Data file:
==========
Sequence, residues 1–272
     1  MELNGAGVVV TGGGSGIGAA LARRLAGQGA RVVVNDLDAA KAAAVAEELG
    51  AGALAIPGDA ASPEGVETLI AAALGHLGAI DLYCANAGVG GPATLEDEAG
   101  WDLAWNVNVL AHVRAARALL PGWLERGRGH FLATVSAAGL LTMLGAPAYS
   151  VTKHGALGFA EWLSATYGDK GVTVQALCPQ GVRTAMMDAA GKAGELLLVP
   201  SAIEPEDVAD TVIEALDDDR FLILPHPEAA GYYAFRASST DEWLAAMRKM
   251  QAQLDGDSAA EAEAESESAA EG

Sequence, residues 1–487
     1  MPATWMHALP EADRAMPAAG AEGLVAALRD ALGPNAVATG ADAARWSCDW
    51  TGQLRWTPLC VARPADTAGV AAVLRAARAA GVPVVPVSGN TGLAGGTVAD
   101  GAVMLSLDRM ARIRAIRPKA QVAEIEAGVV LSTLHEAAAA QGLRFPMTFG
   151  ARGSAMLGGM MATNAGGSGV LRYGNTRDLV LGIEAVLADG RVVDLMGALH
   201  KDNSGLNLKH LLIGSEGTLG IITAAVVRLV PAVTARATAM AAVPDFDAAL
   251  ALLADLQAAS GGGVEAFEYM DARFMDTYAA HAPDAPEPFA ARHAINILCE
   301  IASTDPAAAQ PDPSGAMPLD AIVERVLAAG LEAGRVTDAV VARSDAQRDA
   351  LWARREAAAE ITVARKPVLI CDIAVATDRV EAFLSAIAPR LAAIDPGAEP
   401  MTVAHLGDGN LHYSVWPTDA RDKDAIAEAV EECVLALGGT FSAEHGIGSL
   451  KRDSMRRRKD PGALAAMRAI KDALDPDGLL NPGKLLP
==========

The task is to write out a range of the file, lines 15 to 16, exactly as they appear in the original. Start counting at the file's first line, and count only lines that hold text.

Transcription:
   301  IASTDPAAAQ PDPSGAMPLD AIVERVLAAG LEAGRVTDAV VARSDAQRDA
   351  LWARREAAAE ITVARKPVLI CDIAVATDRV EAFLSAIAPR LAAIDPGAEP